Student Wellness

The Office of Undergraduate Medical Education’s (UME) Student Affairs team is committed to medical student well being during training and beyond. UME Wellness offers programming that fosters a positive learning environment inside and outside the academic setting. Our goal is to encourage self-care, resilience, and multi-faceted health by providing tools to address all dimensions of wellness.

Developed by Dr. Bill Hettler, co-founder of the National Wellness Institute (NWI), this interdependent model commonly referred to as the Six Dimensions of Wellness, is the framework followed by this office. We have also added financial and environmental wellness.

Student wellness is a shared responsibility! Suggestions on wellness initiatives / activities can be sent to wellness@uthscsa.edu. We would love to hear from you! You may also contact the Director of Wellness & Professional Formation, Paulina H. Mazurek, MA.

Click HERE to find the UT Health SA wellness resource that is right for you!

Person stepping up stairs promoting active lifestyle

Physical Wellness

Physical wellness promotes proper care of our bodies for optimal health and functioning. This dimension of wellness encourages good sleep, good nutrition, physical activity, good hygiene and mental well-being to keep your body in great condition.

Woman with SmileEmotional Wellness

Emotional wellness promotes self-care, mindfulness & relaxation, and the development of inner strength. It is important to recognize and understand both positive and negative feelings in order to handle them in a constructive way.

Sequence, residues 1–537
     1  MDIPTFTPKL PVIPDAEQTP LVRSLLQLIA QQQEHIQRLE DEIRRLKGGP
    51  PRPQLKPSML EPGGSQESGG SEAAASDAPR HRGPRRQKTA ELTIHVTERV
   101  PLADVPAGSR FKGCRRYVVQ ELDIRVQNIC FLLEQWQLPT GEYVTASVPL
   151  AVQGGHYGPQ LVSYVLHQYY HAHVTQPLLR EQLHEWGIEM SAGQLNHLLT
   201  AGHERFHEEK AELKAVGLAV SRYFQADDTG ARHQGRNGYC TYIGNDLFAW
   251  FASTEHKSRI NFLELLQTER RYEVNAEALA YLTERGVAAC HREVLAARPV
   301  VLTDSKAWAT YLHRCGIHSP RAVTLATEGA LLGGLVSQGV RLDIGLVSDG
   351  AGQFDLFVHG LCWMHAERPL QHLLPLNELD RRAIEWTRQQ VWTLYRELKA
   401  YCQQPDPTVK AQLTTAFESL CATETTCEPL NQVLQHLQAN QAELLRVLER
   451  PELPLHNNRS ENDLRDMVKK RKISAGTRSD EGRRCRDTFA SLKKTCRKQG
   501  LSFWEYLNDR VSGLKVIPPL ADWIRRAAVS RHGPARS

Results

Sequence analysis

Doctors shown conversing to highlight importance of occupational wellness

Occupational Wellness

Occupational wellness is the ability to recognize signs of stress, burnout, overwork, and fatigue as a result of your profession or place of work. It focuses on the ongoing search for our life’s purpose and finding a good professional fit.

a silhouette of a person is shown with clasped hands to show importance of spiritual wellbeing

Spiritual Wellness

Spirituality is a dimension that allows us to find meaning in our life experiences and defines our individual purpose in the world. Spiritual wellness can be expressed through religious faith, values, ethics and morals.

Friends gathered together conversing and having a meal, to highlight importance of social wellbeing

Social Wellness

Social wellness refers to the interactions and relationships we build with others. Positive connections foster healthy, nurturing, and supportive relationships. Having a supportive social network allows you to develop assertive skills, increases your self-esteem, develops trust, and manage conflict.

2 colleagues discussing ideas promoting importance of intellectual discourse and intellectual health

Intellectual Wellness

Intellectual wellness is being open to new ideas, thinking critically, and seeking out a new challenge. It is being creative, curious, and engaged in lifelong learning.

photo of physcian holding a piggy bank
Financial Wellness

Financial Wellness involves the process of learning how to successfully manage financial expenses. Money plays a critical role in our lives and not having enough of it impacts health as well as academic performance. Financial stress is repeatedly found to be a common source of stress, anxiety and fear for students.

Woman laying on grass
Environmental Wellness

Environmental wellness inspires us to live a lifestyle that is respectful of our surroundings. This realm encourages us to live in harmony with the Earth by taking action to protect it.

  • Stop by during Office Hours

    Monday – Friday, 8:00am to 5:00pm
    Office of Undergraduate Medical Education
    Dolph Briscoe, Jr. Library, Fifth Floor

  • Attend a Drop-in Advising Hour

    Every Wednesday, 1:00-2:00pm
    Dolph Briscoe, Jr. Library, Fifth Floor
    Howe Conference Room, 5.070